Anywho, a key part of Harry & Meghan’s narrative arc was the Sussexes’ disintegrating relationship with the Waleses.
Meghan said her first meeting with Kate: “I was a hugger, always being a hugger. I didn’t realise that that is really jarring for a lot of Brits. I guess I started to understand very quickly that the formality on the outside, carried through on the inside. That there is a forward-facing way of being … But that formality carries over on both sides. And that was surprising to me.”
That depiction of the princess as something of a frosty sort who showed no sign of welcoming Meghan into the secret sisterhood of the travelling tiara carried over into Harry’s book Spare.
He writes that when the two couples appeared at their first joint appearance in early 2018, it “left a little mark” after Kate only “reluctantly” shared her lip gloss with the former Suits star and then “grimaced.”
Later that year, in Spare’s telling, Kate told Meghan during an air-clearing session, that the American had ‘hurt her feelings’ after ‘talking about her hormones’, declaring “We’re not close enough for you to talk about my hormones!”
I’ll leave it to you to decide if this was all just a culture clash, one woman a fluent, lifelong hugger and the other the product of centuries of emotional repression having been baked into the British DNA, or more about character.
Either way, the end result was that their docuseries and his chart-topper of a book was the impression that despite the warm smiles she merrily dispensed in public, in private the Princess of Wales was a bit of a cold fish.
Which is why it’s so tantalising that after having gone nearly 12 years only dispensing, as far as I can tell, one other freely-given, clearly very affectionate hug (to an adult she was not related, mind) she doled out two of them in the space of days. (That one hug-ception? In 2018 when Kate spotted Professor Jacqueline Dunkley-Bent, a midwife who had helped deliver daughter Princess Charlotte, in the crowd during an engagement, at which point the princess immediately stopped to throw an arm around her.)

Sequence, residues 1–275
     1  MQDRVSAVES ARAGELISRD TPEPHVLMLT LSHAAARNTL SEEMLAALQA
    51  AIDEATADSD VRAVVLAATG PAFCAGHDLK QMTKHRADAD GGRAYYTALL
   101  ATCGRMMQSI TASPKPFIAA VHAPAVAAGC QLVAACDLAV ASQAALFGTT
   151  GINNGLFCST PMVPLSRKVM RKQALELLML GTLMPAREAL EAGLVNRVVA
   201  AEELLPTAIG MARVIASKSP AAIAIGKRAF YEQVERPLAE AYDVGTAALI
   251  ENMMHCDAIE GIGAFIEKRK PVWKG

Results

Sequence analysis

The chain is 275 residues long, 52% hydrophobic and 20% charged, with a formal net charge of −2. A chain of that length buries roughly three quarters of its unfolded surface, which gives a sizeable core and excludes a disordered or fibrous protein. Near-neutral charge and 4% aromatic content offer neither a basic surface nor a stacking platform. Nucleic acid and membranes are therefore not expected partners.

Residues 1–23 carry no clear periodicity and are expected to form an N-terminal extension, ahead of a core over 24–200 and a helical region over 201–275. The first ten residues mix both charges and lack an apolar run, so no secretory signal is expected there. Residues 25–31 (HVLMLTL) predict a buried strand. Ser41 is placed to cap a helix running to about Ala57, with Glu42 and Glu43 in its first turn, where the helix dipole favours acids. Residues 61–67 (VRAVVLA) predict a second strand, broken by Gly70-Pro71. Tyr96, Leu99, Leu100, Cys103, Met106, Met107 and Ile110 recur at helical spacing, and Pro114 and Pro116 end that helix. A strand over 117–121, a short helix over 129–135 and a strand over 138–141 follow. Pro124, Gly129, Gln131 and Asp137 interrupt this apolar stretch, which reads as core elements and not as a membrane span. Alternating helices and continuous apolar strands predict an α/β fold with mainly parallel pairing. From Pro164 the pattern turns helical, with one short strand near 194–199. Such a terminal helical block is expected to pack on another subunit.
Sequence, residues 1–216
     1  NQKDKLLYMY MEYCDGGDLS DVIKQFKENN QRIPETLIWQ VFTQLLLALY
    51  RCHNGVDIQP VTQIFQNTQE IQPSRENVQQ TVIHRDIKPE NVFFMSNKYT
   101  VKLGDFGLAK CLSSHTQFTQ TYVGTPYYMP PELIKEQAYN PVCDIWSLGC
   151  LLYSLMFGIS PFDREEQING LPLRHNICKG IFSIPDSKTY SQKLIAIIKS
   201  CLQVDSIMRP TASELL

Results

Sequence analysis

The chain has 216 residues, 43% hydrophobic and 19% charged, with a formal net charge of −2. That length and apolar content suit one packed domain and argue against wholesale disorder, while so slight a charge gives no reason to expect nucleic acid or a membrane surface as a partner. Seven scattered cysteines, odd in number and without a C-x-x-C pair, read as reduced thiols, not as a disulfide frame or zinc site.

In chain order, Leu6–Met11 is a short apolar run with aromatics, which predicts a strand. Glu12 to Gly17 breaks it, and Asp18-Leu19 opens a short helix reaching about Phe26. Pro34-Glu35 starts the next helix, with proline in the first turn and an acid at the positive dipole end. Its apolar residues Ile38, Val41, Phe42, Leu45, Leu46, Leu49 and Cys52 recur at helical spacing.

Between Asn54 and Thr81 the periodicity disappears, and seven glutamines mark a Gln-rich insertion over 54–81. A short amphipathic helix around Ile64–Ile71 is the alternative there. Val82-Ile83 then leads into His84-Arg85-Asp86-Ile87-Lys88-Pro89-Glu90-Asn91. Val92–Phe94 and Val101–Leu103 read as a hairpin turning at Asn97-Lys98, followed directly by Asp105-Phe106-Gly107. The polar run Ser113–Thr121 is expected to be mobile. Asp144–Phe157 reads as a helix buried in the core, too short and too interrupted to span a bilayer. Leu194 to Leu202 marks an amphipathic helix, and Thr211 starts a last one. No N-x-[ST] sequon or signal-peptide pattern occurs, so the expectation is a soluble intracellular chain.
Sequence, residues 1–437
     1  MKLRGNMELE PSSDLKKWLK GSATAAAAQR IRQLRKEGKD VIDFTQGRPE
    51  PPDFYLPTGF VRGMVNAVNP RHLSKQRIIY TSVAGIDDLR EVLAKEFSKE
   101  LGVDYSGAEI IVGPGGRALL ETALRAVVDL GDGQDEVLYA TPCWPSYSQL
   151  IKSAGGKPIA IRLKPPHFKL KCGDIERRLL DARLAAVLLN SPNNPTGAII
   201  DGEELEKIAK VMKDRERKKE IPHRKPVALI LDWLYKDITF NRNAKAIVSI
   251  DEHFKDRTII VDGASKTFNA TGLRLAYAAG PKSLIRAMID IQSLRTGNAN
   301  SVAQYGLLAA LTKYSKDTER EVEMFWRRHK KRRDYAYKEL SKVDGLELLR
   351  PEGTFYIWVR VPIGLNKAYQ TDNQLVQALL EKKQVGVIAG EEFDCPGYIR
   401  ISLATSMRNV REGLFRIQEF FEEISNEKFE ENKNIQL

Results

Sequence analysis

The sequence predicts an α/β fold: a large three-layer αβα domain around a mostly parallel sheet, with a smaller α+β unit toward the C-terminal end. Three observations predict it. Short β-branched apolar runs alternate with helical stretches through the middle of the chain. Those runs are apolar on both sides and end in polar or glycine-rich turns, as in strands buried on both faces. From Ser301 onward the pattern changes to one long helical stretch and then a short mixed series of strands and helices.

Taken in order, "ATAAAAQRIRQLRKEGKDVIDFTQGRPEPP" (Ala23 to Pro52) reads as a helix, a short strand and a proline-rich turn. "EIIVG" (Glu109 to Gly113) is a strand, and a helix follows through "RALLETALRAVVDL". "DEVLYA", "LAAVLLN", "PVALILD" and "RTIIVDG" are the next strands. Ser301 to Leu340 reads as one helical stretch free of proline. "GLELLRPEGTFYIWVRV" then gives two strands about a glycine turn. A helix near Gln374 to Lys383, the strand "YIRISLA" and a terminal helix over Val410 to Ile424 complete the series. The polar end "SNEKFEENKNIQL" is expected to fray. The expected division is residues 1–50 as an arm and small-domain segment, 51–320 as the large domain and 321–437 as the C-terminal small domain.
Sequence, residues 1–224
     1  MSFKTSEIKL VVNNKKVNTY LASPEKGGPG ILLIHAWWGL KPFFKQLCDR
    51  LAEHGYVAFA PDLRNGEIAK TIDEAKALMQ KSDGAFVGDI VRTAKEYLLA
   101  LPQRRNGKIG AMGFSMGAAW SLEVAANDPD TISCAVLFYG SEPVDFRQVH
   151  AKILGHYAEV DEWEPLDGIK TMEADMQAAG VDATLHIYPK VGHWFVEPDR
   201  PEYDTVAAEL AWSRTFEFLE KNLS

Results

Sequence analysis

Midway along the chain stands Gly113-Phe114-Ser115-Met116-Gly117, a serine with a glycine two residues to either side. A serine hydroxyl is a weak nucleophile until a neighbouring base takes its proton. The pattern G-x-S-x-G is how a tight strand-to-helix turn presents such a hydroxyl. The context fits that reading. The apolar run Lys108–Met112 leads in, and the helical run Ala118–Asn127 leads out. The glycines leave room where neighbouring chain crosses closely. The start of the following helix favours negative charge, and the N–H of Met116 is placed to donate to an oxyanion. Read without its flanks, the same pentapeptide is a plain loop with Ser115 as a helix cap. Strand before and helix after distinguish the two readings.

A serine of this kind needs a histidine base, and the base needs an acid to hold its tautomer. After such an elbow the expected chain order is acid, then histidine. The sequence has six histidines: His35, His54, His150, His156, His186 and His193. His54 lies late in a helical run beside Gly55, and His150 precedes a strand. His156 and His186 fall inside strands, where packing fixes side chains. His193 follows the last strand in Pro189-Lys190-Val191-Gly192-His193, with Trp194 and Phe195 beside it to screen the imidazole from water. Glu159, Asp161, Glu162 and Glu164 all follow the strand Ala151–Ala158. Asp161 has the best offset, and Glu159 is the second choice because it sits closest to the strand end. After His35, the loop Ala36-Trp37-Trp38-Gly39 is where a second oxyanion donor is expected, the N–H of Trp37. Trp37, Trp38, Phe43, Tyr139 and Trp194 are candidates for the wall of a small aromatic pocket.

While it would be delicious to put Kate’s affection spree down to some calculated, carefully-plotted-out-in a-monogrammed-Smythson-notebook plan, the Great Hug Double was obviously a product of nothing but serendipity; the universe deciding to put two people she clearly has very warm feelings towards in her path.
But really, the ‘why’ in this doesn’t matter – what does it have the impact, which is that she has just managed to oh-so-subtly rebut Harry and Meghan’s depiction of her as stand-offish.
And this is, of course, the second time that the future Queen has managed to counter one of their claims without so much as uttering a peep.
In one episode of Harry & Meghan, the Duchess of Sussex said of royal dressing: “If there’s a group event but then you also shouldn’t be wearing the same colour as one of the other more senior members of the family.”